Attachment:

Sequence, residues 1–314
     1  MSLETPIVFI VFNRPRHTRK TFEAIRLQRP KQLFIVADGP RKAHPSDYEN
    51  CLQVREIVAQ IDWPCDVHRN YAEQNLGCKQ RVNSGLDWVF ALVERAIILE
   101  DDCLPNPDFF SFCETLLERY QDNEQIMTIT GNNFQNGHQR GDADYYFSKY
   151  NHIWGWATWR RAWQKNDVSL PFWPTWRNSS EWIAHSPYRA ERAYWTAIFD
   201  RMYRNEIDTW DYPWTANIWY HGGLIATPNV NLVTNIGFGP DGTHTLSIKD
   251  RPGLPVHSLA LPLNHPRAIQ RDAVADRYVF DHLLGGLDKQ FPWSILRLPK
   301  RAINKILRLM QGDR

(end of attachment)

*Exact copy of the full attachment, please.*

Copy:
Sequence, residues 1–314
     1  MSLETPIVFI VFNRPRHTRK TFEAIRLQRP KQLFIVADGP RKAHPSDYEN
    51  CLQVREIVAQ IDWPCDVHRN YAEQNLGCKQ RVNSGLDWVF ALVERAIILE
   101  DDCLPNPDFF SFCETLLERY QDNEQIMTIT GNNFQNGHQR GDADYYFSKY
   151  NHIWGWATWR RAWQKNDVSL PFWPTWRNSS EWIAHSPYRA ERAYWTAIFD
   201  RMYRNEIDTW DYPWTANIWY HGGLIATPNV NLVTNIGFGP DGTHTLSIKD
   251  RPGLPVHSLA LPLNHPRAIQ RDAVADRYVF DHLLGGLDKQ FPWSILRLPK
   301  RAINKILRLM QGDR